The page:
Chokri Ben Chikha is a young Tunisian author, actor and singer. Ben Chikha was born and raised in Flanders, the Dutch-speaking north of Belgium. He has written a play and dance act about cultural differences to draw attention to the difficulties of young immigrants who are discriminated against by the natives.
The play is called “Our Lady of Flanders” (Onze Lieve Vrouw van Vlaanderen). The premiere is on 29 October in Brussels. The Brussels magazine Brussel XL asked the author: “Some of the dialogues are interspersed with antisemitism. What exactly is the meaning of that?” Ben Chikha answered:
“Antisemitism is alive amongst North Africans, whether you like it or not. It has to do with the Palestinian question. I am convinced that you have to talk about antisemitism. I am not going to solve it, but I have to show it. Moreover, not only the Arabs dislike Jews. My stepmother, a Polish woman, is very antisemitic as well. I think one should be able to laugh at anything, even at antisemitism.”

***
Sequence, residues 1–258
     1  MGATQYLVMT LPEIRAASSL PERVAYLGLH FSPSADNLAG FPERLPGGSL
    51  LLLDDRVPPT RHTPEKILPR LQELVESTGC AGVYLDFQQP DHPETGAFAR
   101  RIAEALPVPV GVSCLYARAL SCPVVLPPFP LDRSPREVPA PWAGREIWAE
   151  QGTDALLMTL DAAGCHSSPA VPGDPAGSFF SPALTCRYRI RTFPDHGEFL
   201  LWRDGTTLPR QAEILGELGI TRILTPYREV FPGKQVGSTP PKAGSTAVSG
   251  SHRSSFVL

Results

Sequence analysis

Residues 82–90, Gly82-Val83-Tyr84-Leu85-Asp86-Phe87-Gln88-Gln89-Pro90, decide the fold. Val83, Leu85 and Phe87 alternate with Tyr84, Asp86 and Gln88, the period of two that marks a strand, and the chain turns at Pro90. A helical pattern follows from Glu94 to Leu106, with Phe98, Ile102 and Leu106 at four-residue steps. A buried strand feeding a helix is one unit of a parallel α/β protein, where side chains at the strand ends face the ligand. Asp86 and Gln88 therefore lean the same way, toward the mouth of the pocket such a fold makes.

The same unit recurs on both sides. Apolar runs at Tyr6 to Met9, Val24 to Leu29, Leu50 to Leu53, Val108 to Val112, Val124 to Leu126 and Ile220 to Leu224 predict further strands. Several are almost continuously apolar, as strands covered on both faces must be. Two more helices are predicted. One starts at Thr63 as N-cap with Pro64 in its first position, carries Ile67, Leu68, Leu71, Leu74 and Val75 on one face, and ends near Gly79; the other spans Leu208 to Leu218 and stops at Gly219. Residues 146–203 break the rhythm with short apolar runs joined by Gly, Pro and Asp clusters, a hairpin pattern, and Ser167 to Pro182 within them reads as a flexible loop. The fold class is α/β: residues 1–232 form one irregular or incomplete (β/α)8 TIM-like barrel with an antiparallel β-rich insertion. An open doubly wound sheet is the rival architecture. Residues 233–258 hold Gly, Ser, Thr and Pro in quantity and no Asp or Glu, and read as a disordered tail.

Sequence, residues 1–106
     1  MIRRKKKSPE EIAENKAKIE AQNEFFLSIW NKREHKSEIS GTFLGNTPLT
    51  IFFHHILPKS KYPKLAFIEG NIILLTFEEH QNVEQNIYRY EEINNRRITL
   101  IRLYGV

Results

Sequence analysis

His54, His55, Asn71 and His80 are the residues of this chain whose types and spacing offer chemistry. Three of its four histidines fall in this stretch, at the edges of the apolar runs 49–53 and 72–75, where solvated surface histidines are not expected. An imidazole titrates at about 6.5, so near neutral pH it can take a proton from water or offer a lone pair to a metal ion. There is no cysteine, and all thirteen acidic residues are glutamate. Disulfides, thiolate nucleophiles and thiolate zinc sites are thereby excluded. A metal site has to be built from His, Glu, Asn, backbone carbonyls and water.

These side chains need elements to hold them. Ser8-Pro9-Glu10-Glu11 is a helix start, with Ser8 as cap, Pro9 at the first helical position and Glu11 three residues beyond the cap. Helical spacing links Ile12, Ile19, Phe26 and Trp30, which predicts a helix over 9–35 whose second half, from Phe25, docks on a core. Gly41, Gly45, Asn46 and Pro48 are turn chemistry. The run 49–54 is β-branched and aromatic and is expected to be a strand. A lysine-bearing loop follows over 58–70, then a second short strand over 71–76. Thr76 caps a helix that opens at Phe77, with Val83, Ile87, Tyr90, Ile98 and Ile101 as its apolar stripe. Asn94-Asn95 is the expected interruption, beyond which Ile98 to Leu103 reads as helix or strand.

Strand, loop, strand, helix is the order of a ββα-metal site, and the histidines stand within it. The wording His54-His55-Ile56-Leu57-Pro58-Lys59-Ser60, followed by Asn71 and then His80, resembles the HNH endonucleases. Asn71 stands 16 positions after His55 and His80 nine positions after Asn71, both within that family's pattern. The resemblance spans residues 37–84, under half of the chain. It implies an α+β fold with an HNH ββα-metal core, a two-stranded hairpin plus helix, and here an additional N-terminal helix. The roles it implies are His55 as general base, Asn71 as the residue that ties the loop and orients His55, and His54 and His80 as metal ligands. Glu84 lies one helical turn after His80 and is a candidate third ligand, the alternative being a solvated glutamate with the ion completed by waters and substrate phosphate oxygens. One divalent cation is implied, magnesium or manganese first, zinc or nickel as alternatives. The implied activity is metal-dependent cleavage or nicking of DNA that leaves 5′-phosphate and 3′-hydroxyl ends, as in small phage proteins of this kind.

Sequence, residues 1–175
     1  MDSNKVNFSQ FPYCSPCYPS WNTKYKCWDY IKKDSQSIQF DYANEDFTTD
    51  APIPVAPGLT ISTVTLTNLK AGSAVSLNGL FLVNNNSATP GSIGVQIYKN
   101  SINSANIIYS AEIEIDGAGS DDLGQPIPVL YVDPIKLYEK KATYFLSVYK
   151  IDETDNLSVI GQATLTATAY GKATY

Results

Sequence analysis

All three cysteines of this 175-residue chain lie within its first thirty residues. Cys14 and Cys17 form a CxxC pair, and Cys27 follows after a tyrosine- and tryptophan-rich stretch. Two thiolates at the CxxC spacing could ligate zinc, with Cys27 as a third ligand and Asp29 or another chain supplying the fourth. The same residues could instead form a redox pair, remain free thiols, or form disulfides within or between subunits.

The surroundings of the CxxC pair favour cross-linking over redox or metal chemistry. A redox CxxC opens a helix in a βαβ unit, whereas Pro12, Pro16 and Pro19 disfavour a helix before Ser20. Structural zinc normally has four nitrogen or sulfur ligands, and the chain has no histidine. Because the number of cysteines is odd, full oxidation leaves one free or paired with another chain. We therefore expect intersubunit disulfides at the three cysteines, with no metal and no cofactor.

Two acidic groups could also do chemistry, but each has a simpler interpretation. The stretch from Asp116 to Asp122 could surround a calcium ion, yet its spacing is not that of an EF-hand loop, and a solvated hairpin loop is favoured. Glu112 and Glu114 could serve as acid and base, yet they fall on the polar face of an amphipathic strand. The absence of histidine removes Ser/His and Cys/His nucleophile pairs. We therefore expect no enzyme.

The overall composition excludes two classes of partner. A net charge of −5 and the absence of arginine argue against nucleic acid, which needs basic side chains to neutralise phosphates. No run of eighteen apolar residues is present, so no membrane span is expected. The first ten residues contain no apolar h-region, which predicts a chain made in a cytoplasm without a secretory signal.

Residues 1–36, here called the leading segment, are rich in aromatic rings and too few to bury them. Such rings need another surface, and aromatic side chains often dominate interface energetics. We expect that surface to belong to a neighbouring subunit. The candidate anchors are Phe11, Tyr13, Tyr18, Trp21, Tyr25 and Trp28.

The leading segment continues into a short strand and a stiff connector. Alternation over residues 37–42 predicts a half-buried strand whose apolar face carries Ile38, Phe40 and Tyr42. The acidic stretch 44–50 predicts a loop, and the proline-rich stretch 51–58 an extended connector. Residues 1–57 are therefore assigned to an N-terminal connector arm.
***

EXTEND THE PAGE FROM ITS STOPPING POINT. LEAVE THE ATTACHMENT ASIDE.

The latter sounds like a contradiction to me. He is not laughing at antisemitism, but at Jews. However, until I have seen the play I cannot judge. Perhaps the antisemitism is funny.
The poster for the play is probably meant to be funny too. It depicts the virgin Mary with a howling child and a bowl of blood. She is barebreasted and is sitting next to a shield with the arms of Flanders. As a muslim immigrant Ben Chikha is apparently allowed to use such images, which make fun of the Flemings and ridicule the religion many of them adhere to.
Contrary to what Ben Chikha says there are things that one had better not laugh at, such as Islamic religion for instance. Some time ago a Dutch artist showed the backs of naked women with verses from the Quran written on them. This was considered blasphemy. A Muslim extremist ritually slaughtered the artist, Theo van Gogh, in broad daylight. That, certainly, is a cultural difference worth noting.
Ben Chikha need not fear being murdered in the street. On the contrary, his play is being subsidised by the Ministry for Culture. After the performances in Brussels it goes on a six-month tour through Flanders. The government encourages schools to attend.